My Little Improv… January 5, 2014

Jonathots Daily Blog

(2112)

masksSome rules are good.

They help people understand better ways to do things to welcome success and happiness.

On the other hand, some rules are bad. They’re put in place–sometimes in stone–to control folks, eliminating the creative passion that allows us mere mortals to touch the face of God.

I’ve tried to figure out which one is which for most of my life.

When I was a kid, they had a rule in our church that young students in junior high school couldn’t be on the Bible League competition team until they got into the ninth grade. I suppose somebody who originally came up with the idea imagined it was a good thing–to make being on the team a reward, and also that probably most youngsters in seventh and eighth grade were not mature enough for such an endeavor.

It was a bad rule. I objected, complained, lobbied, got it changed and was the first thirteen-year-old on the team.

It doesn’t matter where you go. There are people who enjoy their work so they try to make it more accessible to themselves and others, and then there are those who are a bit miserable, who feel it is their duty to pass on the sullen attitude.

Music, religion, politics, corporations, clubs, schools–all of them have their share of “grumpy grumpers” who really hate their lives and want to make sure that everybody hates equally.

So when I sat down to plan what I wanted to do in my sharing this year–and also how I wanted to expand–I came up with three very important criteria:

  1. I need more time at every stop-off to spend with the audience, to make a greater connection.
  2. I need to work on defining the message instead of allowing the confusion of present philosophy and theology to leave people devoid of feeling.
  3. I need to purposefully break some bad rules.

So yesterday, as I thought about what I’m going to be doing Sunday night–a drama entitled Front Porch U.S.A.–I realized that I was truly blessed with a piece of great improv.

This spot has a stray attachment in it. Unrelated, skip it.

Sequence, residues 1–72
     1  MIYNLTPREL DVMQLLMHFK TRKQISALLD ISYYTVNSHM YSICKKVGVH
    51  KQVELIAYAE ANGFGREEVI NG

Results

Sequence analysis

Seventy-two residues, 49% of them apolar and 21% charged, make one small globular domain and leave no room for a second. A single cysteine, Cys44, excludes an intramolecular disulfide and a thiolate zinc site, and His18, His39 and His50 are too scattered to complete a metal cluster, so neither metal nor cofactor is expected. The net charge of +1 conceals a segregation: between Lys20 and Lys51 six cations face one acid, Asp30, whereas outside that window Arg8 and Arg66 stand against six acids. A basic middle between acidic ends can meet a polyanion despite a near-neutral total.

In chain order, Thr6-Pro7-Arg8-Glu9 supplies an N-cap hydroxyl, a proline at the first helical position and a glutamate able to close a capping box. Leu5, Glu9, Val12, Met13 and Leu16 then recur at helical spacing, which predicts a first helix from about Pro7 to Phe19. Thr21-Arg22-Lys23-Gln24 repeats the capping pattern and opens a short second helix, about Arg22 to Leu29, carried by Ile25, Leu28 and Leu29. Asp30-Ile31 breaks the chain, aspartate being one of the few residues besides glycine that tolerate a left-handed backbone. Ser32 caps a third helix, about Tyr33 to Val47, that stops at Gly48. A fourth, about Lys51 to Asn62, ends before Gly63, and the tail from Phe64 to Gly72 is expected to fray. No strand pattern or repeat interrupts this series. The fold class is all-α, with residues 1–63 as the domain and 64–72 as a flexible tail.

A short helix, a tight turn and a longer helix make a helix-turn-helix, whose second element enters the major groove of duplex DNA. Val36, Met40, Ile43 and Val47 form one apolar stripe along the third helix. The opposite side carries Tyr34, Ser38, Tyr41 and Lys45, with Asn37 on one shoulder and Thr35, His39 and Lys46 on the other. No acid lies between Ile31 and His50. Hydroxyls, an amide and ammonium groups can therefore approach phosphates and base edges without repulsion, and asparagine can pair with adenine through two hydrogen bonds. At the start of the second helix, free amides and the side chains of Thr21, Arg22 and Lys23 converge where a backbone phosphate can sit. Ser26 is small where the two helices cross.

I call it a “three-active play.” By that term I mean that each and every time I perform it, the message, the pursuit and even much of the plot will remain the same. But the words, stories, conflict and resolution will be different each and every time.

There is no script.

I’m going to allow myself to be led of the Spirit, to share what’s on my heart in the moment, as will my fellow-thespian, Janet.

It’s breaking the rules. In theater, you’re not supposed to be too improvisational. You’re not supposed to interact with the audience too much. Blocking, staging and scenery are to remain the same.

I plan on breaking all these rules. Why?

Because I think the three greatest things we possess as human beings are often buried under form and tradition.

  • We have a story.
  • We have a spirit.
  • And we have an imagination.

So every Sunday night, I’m going to trust my journey, my faith and my heart to give an audience, at the conclusion of my weekend, a fresh piece of myself that no other gathered congregation has ever heard.

I’m so excited I can hardly stand it.

In conclusion, don’t be afraid to follow good rules that help people discover their humanity and the breath of God inside them. But don’t be timid in using your improv, and challenge rules that were put in place to stifle and foster “fussy fussers.”

The producers of jonathots would humbly request a yearly subscription donation of $10 for this wonderful, inspirational opportunity

Click for details on the SpirTed 2014 presentation

Click for details on the SpirTed 2014 presentation

Please contact Jonathan’s agent, Jackie Barnett, at (615) 481-1474, for information about scheduling SpiriTed in 2014.

click to hear music from Spirited 2014

click to hear music from Spirited 2014

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